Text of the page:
By Pamela Nathan
Here is a statistic which Julia May says “smacks you in the face”. In the general population about 2 percent of people have an acquired brain injury (ABI), whilst in Victorian male prisons, at least 42 per cent of inmates are affected—and about 6 per cent with a severe ABI. That was according to a 2011 report.
The international consensus, based on studies on ABI in western prisons, puts it even higher, at 60 per cent!
I wonder how high the ABI rate is in the NT? All talk about the revolving door of repeat offenders and the inference is they lack remorse and don’t learn! At least 60 per cent??!!
What does this all mean? More than one in three offenders will reoffend! Side effects of an ABI include: memory loss, aggression, impulsivity, lack of anger control, disinhibition, increased substance usage and reduced insight.
John Eyre, the CEO of Arbrias, which provides support services and has developed an assessment tool calls the ABI “insidious”. He says “We call it the silent disability because by the time a person has even a mild one, they have a disability but they don’t know it”.
John Eyre continues to comment on the offender in court and his rehabilitation prospects: “It’s very common for a person with an ABI to be before a judge in the criminal court and say, “I know it was wrong to do that” and go out and do it again. “They’ll say it’s wrong because that’s what they have been led to say. But in reality they’ve lost insight, the ability to problem-solve, to plan, and organise themselves. All of these things can lead to unlawful behaviour”.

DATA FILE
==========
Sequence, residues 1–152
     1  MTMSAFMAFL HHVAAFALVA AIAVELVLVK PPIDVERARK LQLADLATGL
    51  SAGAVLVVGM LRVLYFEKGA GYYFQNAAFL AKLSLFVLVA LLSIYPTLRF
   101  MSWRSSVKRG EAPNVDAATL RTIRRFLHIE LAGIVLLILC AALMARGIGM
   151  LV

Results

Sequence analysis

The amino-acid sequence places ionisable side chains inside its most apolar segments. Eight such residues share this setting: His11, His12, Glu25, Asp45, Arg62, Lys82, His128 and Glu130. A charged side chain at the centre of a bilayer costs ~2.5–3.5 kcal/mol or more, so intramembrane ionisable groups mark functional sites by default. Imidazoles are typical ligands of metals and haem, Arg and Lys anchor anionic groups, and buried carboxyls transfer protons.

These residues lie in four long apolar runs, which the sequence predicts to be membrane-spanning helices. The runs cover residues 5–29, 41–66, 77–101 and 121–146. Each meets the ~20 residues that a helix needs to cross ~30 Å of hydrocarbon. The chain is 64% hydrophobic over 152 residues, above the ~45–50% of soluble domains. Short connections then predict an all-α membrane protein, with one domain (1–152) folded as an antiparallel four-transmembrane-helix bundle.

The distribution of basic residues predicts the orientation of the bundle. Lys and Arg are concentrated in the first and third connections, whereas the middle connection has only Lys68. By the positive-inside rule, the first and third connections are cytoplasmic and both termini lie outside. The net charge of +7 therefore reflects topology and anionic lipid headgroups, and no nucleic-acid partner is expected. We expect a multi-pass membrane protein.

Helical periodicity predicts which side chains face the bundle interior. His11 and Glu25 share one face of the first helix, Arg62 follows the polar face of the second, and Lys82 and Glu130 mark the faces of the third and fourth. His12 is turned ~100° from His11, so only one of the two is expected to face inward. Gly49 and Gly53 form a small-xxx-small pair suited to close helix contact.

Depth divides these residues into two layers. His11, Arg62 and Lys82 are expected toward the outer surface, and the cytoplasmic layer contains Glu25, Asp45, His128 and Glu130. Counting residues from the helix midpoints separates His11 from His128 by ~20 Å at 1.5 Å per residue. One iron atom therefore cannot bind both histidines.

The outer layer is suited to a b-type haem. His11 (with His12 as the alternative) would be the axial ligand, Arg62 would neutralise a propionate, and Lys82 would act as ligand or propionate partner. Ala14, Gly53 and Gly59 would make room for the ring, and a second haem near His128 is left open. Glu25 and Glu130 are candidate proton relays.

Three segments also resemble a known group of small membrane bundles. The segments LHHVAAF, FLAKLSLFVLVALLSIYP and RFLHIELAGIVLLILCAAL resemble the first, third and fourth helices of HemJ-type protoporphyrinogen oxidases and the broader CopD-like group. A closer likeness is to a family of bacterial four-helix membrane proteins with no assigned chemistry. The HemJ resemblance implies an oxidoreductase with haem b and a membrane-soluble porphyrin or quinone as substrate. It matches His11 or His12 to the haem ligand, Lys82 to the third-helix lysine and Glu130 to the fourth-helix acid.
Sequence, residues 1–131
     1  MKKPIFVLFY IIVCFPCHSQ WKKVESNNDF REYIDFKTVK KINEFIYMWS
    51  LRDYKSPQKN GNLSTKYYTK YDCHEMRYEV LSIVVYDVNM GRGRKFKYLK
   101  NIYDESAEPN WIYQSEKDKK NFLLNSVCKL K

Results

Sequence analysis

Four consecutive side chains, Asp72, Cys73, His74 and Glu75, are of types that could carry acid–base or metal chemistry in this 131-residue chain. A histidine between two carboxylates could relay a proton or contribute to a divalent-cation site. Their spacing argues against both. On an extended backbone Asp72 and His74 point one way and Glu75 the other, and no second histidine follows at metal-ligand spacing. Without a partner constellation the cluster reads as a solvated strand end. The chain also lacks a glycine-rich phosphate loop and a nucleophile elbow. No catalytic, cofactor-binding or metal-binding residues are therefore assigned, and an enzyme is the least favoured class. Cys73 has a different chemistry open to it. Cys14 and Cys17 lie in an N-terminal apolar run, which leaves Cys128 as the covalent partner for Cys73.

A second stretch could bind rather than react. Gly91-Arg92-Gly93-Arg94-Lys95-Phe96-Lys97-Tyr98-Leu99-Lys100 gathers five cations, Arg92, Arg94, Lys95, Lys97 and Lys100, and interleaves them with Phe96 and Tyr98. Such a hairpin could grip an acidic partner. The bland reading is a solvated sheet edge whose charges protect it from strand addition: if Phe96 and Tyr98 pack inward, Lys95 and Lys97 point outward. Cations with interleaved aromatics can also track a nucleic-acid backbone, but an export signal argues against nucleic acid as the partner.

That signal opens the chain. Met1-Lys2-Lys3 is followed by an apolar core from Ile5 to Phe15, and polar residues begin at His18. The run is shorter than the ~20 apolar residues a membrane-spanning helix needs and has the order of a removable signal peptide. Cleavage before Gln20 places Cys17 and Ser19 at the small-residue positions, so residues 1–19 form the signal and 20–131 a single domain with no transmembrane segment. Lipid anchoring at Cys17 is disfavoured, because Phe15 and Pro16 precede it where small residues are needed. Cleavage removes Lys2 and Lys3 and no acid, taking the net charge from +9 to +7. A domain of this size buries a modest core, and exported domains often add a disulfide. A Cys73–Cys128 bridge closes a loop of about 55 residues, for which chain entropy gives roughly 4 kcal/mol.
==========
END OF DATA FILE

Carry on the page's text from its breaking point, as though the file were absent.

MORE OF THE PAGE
Victoria’s Public Advocate Colleen Pearce says: “Without early intervention they end up getting in deeper and deeper into the criminal justice system”.
May reports that: “even seasoned criminal justice experts have been blown away by the magnitude of the problem” since ABI screening tools were developed and they say “It’s a hidden epidemic”.
There is the Arbias assessment screening tool. A spokesmen for Corrections Victoria says the state prisons use the Arbias screening tool when assessing new prisoners and provide tailored programs delivered by specialist staff.
John Eyre remains dubious about how well the tool is being used as staff need training in its usage. He says there is a growing awareness of ABI in courts, police forces and governments, but prisons remain “a frontier that we’re yet to get to. We have to make sure that when people get out of prison and they’re suspected of having or do have an ABI, that we are more successful of keeping them out of prison”.
We hear about the “uncivilised drunks” who have reoffended “yet again” in the NT, but do we hear about ABIs and assessment and treatment ?????
ABIs need urgent attention and recognition and treatment!